noun, plural: hnRNAs
The abbreviated form for heterogeneous nuclear ribonucleic acid: an extrachromosomal RNA molecule in the nucleus that serve as primary transcript from DNA
The hnRNA is the collective term for the unprocessed mRNA (pre-mRNA) molecules in the nucleus. It is largely comprised of the pre-mRNA molecules that require extensive processing to become mature mRNA molecules. The hnRNA that is associated with proteins form the heterogenous nuclear ribonucleoprotein (hnRNP).
The initial step of synthesizing mRNA is transcription. During transcription, the DNA sequence is read by RNA polymerase in order for the latter to create a complementary, antiparallel RNA strand (called primary transcript). The primary transcript that later becomes a messenger RNA (mRNA) is referred to as a pre-mRNA. The pre-mRNA, in turn, needs to undergo further processing to become a functional mature mRNA.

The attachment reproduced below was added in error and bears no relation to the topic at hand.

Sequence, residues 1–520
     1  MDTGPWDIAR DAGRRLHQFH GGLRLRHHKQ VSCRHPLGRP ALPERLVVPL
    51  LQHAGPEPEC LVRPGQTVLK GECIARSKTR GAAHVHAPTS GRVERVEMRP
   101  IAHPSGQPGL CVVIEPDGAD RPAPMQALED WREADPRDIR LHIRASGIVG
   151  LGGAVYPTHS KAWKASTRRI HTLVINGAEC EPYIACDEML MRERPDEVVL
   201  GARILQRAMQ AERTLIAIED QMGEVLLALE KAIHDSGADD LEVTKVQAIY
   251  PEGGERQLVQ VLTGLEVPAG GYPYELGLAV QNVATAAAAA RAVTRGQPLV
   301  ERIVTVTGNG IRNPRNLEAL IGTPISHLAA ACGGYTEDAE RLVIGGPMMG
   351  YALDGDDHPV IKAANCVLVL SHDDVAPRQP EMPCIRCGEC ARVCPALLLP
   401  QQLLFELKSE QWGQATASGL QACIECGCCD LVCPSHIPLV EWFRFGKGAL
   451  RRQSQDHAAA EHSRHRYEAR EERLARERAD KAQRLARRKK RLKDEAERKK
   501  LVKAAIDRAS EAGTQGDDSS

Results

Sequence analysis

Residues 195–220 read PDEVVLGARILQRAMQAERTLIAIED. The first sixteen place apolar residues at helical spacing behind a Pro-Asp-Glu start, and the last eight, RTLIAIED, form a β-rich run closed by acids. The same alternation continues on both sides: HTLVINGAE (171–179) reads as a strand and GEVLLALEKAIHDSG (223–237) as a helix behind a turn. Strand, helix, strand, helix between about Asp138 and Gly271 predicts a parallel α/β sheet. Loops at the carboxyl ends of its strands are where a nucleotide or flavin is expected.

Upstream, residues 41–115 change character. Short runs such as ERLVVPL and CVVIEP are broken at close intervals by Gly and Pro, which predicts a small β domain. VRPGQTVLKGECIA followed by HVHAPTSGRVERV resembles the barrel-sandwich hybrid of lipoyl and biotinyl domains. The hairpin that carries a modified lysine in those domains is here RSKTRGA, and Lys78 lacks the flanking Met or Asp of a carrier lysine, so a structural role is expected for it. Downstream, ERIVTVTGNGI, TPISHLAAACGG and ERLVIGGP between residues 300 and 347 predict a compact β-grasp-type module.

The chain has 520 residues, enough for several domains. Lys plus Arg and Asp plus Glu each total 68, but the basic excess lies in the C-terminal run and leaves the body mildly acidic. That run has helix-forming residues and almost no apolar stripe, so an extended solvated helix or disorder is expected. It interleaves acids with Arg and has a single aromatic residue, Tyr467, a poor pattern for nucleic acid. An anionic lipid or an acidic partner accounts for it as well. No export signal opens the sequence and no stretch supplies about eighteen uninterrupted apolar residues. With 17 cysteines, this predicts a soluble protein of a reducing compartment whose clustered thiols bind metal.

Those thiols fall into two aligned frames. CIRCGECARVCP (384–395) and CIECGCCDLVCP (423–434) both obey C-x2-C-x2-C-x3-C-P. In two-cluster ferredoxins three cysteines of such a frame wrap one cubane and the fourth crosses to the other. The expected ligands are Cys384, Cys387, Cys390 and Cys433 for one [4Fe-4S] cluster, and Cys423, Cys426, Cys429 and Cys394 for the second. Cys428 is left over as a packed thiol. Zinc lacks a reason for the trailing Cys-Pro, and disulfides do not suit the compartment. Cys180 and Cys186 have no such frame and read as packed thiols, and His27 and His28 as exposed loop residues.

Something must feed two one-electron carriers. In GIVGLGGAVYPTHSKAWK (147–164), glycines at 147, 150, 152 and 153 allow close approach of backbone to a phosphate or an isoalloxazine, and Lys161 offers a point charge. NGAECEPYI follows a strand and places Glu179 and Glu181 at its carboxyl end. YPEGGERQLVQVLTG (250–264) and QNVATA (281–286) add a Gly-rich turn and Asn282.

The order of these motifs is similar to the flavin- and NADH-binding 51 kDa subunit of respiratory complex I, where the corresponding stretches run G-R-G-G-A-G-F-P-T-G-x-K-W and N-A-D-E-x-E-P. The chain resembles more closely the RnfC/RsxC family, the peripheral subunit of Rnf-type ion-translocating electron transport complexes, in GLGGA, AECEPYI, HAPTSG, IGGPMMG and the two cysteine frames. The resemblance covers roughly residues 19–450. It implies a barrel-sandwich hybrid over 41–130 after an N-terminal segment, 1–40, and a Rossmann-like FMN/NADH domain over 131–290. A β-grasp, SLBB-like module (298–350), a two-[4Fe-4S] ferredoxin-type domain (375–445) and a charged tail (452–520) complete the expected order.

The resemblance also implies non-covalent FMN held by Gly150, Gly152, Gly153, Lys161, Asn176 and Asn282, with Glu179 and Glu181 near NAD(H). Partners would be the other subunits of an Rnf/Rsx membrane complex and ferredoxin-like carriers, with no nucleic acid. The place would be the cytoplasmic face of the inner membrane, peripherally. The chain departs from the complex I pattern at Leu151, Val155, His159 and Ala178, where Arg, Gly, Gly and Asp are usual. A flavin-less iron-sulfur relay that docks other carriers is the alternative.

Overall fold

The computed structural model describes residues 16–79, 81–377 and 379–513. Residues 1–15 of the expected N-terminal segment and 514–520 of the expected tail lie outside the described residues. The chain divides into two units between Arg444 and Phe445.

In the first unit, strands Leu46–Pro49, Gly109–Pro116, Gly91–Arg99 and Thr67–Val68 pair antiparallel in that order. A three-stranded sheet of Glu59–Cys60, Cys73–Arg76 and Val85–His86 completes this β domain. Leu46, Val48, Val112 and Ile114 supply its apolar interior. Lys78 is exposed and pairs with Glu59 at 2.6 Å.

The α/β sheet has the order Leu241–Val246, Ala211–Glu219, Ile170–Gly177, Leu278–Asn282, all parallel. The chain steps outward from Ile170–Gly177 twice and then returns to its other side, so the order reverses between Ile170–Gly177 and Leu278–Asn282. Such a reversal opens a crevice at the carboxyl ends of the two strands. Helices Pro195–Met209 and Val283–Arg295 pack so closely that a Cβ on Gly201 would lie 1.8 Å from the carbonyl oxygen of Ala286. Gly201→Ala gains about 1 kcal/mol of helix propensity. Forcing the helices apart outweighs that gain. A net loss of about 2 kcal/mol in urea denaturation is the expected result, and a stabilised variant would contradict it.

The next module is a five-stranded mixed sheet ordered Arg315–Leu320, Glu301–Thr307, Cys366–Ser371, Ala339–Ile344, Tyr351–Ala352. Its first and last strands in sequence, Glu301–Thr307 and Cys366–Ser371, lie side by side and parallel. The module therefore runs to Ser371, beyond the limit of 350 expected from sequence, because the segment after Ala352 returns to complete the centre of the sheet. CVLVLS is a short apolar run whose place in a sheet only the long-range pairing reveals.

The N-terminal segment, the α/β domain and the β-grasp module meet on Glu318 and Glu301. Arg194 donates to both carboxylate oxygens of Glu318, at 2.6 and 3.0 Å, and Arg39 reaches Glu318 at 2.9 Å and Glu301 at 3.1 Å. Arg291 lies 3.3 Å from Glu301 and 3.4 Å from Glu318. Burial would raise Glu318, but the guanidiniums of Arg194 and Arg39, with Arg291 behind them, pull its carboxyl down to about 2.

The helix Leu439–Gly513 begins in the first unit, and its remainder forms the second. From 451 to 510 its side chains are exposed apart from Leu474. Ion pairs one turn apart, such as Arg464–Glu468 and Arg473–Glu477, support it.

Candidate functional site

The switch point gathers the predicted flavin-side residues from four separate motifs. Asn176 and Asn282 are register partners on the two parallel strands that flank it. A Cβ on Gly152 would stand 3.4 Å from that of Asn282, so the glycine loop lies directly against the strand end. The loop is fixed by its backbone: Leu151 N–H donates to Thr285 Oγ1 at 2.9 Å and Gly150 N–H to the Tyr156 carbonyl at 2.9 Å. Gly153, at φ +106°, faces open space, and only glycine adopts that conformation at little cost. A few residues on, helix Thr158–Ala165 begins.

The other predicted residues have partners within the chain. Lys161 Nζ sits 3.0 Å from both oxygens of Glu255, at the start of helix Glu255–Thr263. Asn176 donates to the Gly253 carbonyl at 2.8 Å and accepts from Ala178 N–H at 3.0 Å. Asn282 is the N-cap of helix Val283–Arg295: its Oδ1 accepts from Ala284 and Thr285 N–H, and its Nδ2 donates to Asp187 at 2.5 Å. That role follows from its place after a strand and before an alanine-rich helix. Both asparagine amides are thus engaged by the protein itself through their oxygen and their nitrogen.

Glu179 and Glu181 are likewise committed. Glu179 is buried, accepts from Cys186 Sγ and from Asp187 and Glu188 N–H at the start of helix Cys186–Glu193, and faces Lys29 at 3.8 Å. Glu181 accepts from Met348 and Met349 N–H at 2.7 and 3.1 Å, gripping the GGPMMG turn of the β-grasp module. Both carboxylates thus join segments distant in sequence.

A pre-mRNA molecule becomes a mature mRNA molecule after having undergone the following processes:
- 5′ cap addition – the addition of a 5’cap to the front or 5′ end of the pre-mRNA molecule at the start of transcription
- splicing – removal of any introns (non-coding sequences) and the splicing together of exons (protein-coding sequences)
- editing – in some instances, the nucleotide composition is altered
- polyadenylation – a poly a tail is added to the free 3′ end at the cleavage site
Once these processes are completed the mature mRNA can then be transported from the nucleus into the cytoplasm for protein translation.
Although the hnRNA serve as source of mRNA, not all hnRNA become cytoplasmic mRNA.